State Sen. Benjamin Downing, lieutenant governor candidate Steve Kerrigan and Mayor Daniel Bianchi on Friday.
PITTSFIELD, Mass. — Democratic lieutenant governor candidate Steve Kerrigan says the party's "ground game" is what is going to make the difference in a very tight gubernatorial race.
Kerrigan was in Pittsfield on Friday as part of his final push efforts. Counting hours instead of days until the polls close, party officials are frantically canvassing neighborhoods, calling voters and talking to others are events — such as Kerrigan's trip to a senior citizens fair at the Boys and Girls Club.
"This is a tied race. It is all within the margin and we're going to win because we've got the troops on the ground," Kerrigan said after circling the gymnasium.
"Everybody goes after independents. We go after people — Democrats, independents and Republicans — who believe that we need a governor and a lieutenant governor who believes in investing in people. From early education to job training programs and invest in all of the regions in the commonwealth."
Through multiple debates, Martha Coakley, atop the Democratic ticket with Kerrigan as her running mate, and Republican Charlie Baker and his lieutenant governor candidate, Karyn Polito, have laid out their differences. And still nearly all the polls have showed a tight race.
"It is about reminding people the election is on Tuesday the 4th, making sure they have a voting plan to get out and vote. There are still folks who are undecided about the race and we're going to use every moment between now and election day when the polls close to talk to people about what's at stake," Kerrigan said.
The candidate on Friday took some shots at Baker's record in the health industry and Polito's voting record while emphasizing the Democratic Coakley's support for early childhood education and social programs. But overall, the focus is getting as many people to the polls as possible, he said.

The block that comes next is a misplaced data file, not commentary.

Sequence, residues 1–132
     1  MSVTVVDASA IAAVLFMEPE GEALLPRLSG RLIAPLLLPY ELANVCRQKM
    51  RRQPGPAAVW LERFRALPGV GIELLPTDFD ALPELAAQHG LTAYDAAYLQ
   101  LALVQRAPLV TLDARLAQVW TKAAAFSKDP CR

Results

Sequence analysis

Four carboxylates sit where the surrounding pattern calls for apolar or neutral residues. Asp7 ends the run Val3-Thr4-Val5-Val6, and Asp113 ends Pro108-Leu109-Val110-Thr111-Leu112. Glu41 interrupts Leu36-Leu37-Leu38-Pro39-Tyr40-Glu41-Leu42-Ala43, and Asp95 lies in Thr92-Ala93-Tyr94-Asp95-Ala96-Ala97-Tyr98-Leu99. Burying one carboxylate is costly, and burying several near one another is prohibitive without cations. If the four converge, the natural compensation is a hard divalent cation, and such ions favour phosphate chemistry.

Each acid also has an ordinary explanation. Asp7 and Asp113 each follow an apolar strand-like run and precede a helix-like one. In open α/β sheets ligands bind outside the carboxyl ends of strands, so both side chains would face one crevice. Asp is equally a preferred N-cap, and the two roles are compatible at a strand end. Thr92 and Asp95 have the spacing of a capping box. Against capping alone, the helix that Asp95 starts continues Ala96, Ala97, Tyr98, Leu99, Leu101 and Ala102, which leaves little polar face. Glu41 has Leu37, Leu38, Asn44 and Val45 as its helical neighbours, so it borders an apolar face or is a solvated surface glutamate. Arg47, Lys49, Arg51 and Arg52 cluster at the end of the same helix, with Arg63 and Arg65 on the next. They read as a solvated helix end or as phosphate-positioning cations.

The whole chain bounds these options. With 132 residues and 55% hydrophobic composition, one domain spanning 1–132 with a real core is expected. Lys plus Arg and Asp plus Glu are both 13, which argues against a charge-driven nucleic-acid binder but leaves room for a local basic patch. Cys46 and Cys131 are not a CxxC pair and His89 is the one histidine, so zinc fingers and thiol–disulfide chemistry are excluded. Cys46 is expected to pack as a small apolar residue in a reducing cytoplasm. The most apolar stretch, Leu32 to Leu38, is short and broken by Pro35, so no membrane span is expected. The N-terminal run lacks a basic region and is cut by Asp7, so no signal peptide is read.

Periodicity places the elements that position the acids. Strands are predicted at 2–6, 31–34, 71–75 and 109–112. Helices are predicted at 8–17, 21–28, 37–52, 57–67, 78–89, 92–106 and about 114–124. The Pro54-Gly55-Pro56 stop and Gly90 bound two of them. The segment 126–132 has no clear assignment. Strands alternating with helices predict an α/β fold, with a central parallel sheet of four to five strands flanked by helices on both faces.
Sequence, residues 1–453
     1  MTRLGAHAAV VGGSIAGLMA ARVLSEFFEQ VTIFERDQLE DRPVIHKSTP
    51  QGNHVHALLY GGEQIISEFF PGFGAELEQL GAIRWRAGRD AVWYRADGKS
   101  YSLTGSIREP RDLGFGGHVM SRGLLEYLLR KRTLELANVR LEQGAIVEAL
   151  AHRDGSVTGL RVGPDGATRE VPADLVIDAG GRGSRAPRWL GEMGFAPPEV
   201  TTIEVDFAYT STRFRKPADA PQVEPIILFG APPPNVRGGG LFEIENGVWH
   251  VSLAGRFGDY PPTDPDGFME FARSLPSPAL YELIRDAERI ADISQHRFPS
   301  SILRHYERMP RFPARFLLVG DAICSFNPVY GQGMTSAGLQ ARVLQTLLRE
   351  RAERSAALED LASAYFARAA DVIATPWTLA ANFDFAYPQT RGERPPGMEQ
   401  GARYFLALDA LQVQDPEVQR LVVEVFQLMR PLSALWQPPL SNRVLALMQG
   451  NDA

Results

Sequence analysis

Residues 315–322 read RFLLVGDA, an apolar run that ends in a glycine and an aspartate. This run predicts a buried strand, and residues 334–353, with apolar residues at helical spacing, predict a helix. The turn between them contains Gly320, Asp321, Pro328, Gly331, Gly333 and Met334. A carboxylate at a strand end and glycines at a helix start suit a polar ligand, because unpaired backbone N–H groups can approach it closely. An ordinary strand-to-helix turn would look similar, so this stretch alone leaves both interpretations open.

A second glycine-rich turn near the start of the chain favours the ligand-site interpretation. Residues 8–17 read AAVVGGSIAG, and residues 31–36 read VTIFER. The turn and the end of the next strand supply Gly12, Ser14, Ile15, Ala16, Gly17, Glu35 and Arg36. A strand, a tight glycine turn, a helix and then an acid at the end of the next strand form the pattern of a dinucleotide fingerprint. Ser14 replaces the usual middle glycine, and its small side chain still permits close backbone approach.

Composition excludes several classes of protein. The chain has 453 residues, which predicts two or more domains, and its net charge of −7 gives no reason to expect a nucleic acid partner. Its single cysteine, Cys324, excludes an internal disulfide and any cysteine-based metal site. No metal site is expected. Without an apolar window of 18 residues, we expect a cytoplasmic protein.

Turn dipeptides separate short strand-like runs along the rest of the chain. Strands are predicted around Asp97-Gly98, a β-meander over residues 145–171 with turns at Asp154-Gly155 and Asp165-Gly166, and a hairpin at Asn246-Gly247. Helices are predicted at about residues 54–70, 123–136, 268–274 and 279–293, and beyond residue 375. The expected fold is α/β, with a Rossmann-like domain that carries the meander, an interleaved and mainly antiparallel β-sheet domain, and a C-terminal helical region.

"This is all about getting voters out there to vote on Tuesday. We have a ground game. Last weekend we knocked on 72,000 doors, just Democratic coordinated campaign activists. We make 63,000 phone calls with 3,000 volunteers. We're going to do a lot more that that this weekend," Kerrigan said.
Despite the efforts of both parties as well as a candidate pool with three independents — Evan Falchuk, Jeff McCormick and Scott Lively — the race for the open gubernatorial seat has gone seemingly under the radar. Kerrigan said he isn't surprised by the lack of focus on the race but is disappointed.
Kerrigan said the lack of public interest stems from a distrust in government, and that is something he'd like to change.
"I know that government can make a powerful impact on people's lives so it matters," Kerrigan said.
Kerrigan was greeted in Pittsfield by state Sen. Benjamin Downing, who also chairs the Democratic coordinated campaign, state Reps. Tricia Farley-Bouvier and Paul Mark, and Mayor Daniel Bianchi.
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